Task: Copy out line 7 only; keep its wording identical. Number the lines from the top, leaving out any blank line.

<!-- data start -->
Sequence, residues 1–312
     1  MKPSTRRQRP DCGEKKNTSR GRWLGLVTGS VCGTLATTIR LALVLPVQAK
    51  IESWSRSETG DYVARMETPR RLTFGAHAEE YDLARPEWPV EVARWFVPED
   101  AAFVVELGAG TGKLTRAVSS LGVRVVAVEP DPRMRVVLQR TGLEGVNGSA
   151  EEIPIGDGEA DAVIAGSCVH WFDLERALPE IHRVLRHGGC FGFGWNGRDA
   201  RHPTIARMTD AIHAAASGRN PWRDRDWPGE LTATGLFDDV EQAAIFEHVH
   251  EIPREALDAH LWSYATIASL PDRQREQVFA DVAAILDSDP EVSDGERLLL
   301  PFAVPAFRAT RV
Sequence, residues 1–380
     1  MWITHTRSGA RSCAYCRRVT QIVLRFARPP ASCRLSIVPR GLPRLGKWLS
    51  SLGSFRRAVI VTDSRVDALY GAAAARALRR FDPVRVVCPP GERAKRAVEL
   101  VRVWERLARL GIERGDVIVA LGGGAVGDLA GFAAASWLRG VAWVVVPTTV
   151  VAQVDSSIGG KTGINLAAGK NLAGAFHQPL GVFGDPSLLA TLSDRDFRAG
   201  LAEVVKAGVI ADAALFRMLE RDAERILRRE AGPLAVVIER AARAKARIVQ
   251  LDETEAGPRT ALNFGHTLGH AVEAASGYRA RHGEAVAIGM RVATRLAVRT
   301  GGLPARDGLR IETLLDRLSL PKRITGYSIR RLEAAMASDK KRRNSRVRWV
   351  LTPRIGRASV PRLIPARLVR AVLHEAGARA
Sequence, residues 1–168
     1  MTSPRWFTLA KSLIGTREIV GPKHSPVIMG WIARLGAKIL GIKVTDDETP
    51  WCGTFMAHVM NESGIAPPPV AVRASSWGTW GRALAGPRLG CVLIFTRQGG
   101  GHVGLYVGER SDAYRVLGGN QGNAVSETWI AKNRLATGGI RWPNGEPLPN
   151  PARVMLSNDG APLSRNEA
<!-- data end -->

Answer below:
   251  EIPREALDAH LWSYATIASL PDRQREQVFA DVAAILDSDP EVSDGERLLL